"The idea of changing the world by voting with your [shopping cart] may be beguiling. But if consumers really want to make a difference, it is at the ballot box that they need to vote."
This quote was from "Ethical Food," an interesting article in the Dec. 7, 2006, issue of The Economist. The article argued that buying organic, fair trade and local does little to help the problems that we think we're addressing, and are in fact unrealistic real-world solutions that may be hurting the very people we are trying to help. Instead, it urges consumers to make a difference by becoming more involved in our political system. And there is no better time than now. You see, the Farm Bill of 2002 is set to expire Sept. 30.
Michael Pollan, author of The Omnivore's Dilemma (Penguin Press, 2006), describes the Farm Bill this way in the Sept. 11, 2006 issue of The Nation: "Every five years or so the president of the United States signs an obscure piece of legislation that determines what happens on a couple of hundred million acres of private land in America, what sort of food Americans eat (and how much it costs) and, as a result, the health of our population".
It gives us the opportunity to significantly influence the nation's food policy. A good thing, since Congress received an overall grade of D+ and the USDA received a C- from the Sustainable Agriculture Coalition in October 2006. You can see the whole report card at www.msawg.org/farmbill/Report%20Card.pdf.In the 2007 Farm Bill, I think we should ask politicians for everything we know will make a difference. This could include:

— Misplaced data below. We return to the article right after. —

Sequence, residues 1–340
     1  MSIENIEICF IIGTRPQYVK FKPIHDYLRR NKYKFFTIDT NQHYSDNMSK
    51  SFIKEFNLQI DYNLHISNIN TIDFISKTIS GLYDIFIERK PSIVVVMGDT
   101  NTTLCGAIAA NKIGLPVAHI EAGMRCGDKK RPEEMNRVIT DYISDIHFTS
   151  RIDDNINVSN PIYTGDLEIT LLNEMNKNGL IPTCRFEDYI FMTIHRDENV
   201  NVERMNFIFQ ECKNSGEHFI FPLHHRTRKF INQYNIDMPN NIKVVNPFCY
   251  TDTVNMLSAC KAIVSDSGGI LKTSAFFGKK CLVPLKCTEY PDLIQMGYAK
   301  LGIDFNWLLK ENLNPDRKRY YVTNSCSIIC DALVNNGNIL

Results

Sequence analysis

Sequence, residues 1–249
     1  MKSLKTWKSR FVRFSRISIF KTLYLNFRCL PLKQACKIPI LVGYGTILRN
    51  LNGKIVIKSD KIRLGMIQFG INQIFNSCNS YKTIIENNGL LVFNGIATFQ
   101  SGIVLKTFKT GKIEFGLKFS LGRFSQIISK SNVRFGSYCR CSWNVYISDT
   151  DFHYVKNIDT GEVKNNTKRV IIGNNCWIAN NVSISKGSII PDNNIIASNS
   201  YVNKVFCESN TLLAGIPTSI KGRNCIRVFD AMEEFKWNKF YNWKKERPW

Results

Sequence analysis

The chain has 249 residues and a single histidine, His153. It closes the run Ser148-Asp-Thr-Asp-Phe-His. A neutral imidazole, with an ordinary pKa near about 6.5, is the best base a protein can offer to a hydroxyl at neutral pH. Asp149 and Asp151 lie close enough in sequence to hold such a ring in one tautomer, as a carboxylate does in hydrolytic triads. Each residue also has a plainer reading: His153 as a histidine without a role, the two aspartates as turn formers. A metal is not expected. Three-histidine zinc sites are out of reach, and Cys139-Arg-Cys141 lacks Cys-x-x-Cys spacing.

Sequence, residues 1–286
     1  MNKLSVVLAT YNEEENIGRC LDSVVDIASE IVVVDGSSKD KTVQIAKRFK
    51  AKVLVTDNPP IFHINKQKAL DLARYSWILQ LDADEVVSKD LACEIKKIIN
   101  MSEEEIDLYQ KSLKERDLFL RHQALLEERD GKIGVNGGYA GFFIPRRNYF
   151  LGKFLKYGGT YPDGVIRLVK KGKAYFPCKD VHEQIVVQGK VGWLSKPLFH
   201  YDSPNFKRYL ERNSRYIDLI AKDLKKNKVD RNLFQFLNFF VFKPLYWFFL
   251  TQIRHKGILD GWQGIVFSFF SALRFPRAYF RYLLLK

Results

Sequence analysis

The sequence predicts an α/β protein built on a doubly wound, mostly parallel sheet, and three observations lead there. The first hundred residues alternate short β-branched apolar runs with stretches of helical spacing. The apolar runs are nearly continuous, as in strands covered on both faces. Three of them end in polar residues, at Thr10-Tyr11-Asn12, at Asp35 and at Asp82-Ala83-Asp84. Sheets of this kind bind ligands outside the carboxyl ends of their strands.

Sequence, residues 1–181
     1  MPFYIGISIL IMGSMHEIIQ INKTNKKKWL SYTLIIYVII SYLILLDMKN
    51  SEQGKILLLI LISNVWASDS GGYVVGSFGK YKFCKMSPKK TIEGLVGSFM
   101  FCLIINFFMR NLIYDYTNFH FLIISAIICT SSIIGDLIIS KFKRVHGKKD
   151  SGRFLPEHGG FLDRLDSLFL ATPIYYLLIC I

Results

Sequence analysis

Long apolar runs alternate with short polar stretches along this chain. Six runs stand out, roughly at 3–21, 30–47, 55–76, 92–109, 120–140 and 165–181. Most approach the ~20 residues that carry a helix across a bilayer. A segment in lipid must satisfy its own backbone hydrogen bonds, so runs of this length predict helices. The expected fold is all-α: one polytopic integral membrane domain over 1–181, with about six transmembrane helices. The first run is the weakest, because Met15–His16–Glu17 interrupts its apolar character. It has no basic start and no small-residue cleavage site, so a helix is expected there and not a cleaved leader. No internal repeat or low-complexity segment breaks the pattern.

- Requiring more fresh, locally pro?duced and sustainably raised food in school lunch programs
- Providing more funding for:
- the National Organic Program to enforce the organic rule and create a transitional organic program
- grants to organizations that conduct organic research
- beginning farmers and ranchers so they have the tools they need to be successful
- Requiring that all genetically engineered crops be tested by an independent organization for safety and environmental impact
- Requiring labeling of all products containing GE materials
- Requiring pesticide manufacturers to list the inert ingredients in their products so we can get a more accurate picture of what is being sprayed on our food supply and how it affects us
- Enacting country-of-origin labeling so we know where our food comes from.
I'm sure you could come up with a bunch of your own ideas. And as retailers, we can play a big role in getting these ideas into the 2007 Farm Bill. Heck, we can even change the name. Pollan suggests we call it the 2007 Food Bill. Not a bad idea. It would certainly get customers' attention, more than legislation with the word farm in the title.
So where do we begin? Familiarize yourself with the existing and proposed Farm Bills. Then contact your local congressional representative and ask him or her to support your ideas. Remember, 285,000 letters and cards helped change what was allowed in the organic rule.
Organize a forum at your store to address these issues, and ask your representative to come and discuss his or her support for your customers' concerns.
Contact your local radio stations to interview folks from the Organic Farming Research Foundation, the Organic Trade Association, the Organic Farmers Action Network, Sustainable Agriculture Coalition and so forth, so we can get the word out to the average consumer.
Let local sustainable agricultural and farming organizations (like the Community Alliance with Family Farmers) set up a table in front of your store to educate customers about the Farm Bill.
Put together a list of topics for your staff so they can have conversations with customers about the Farm Bill and its effects.
We have the power to make the changes we want. We just have to remind our representatives whom they are working for and how important healthy food is to us all.
Mark Mulcahy runs Organic Options, an organic education and produce consulting firm. He can be reached at 707.939.8355 or at [email protected]
Natural Foods Merchandiser volume XXVIII/number 2/p. 32